Plot Planning and Avoiding Saggy Middle Syndrome

by Jesmeen Deo, Age 15


Let’s say, you’re writing a long story. You have the beginning and the end in mind, and the climax. You start typing excitedly… and then your fingers pause.

How do I to fill the middle?

This is known “Saggy Middle Syndrome.” Sometimes a writer will have major events and action fleshed out, but not the breaks from action. It’s good to put these scenes in because it gives the reader a breather to digest important information.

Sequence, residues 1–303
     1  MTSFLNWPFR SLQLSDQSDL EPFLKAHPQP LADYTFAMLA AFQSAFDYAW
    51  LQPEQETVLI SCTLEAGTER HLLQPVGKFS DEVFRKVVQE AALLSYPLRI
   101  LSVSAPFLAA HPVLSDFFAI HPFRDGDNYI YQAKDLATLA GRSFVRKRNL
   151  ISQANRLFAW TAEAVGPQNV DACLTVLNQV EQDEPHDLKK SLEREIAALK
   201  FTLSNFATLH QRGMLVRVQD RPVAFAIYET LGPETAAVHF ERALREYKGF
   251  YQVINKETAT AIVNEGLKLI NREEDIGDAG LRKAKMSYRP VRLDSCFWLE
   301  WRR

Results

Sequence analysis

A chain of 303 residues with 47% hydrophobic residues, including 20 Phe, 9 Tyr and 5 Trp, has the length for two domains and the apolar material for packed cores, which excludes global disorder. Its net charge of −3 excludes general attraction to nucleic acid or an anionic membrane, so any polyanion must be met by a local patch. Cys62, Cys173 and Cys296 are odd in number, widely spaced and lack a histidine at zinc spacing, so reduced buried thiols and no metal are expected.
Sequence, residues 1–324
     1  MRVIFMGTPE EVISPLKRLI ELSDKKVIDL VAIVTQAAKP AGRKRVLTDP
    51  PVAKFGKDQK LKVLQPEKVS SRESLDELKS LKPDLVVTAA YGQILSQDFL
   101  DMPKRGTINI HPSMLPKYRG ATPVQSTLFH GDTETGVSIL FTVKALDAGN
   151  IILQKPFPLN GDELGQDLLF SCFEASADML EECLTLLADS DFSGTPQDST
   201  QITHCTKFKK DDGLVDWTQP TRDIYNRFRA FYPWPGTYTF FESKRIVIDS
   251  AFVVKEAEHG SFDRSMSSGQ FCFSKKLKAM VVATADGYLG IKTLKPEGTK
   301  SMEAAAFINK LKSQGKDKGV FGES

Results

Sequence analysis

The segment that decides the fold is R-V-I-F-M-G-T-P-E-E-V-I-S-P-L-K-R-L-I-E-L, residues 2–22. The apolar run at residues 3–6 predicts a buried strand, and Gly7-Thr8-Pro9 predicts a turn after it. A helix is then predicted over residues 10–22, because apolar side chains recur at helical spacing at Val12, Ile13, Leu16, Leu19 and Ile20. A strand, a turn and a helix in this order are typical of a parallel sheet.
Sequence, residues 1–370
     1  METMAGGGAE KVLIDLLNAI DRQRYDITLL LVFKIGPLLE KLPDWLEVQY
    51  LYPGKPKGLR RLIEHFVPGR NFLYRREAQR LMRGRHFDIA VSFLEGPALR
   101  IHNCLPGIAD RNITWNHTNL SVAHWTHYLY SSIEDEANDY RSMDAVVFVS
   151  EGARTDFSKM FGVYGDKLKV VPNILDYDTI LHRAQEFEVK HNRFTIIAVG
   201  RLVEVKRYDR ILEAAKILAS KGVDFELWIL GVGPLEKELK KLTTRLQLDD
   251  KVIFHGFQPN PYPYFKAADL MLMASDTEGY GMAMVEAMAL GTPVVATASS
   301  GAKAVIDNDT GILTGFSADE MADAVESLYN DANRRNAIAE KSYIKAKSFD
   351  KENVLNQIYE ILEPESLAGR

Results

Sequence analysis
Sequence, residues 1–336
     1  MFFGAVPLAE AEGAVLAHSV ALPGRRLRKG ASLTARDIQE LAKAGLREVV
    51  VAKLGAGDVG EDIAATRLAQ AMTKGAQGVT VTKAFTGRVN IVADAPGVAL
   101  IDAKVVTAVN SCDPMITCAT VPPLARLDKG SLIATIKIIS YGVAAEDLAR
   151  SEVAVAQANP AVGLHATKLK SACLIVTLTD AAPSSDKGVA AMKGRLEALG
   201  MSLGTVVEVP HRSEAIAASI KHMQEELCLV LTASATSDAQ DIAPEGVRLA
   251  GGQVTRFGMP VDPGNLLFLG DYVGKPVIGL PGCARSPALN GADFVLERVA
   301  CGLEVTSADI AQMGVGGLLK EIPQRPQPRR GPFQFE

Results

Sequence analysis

The key to writing a successful middle is to have these where the characters got to a party or get a new job, scenes that are not involved with the main plot but still have some sort of connection to it.

Here is an example. Say you’re writing a mystery. Detective Bob spends most of his time trying to figure out who killed Joe. When he has downtime, he spends time with his newly-discovered father, giving the readers insight into Bob’s character. His father even gives Bob some advice that gets him thinking in a new way about the mystery. Therefore, these non-action scenes are not only downtime, but also relevant to the overall story.


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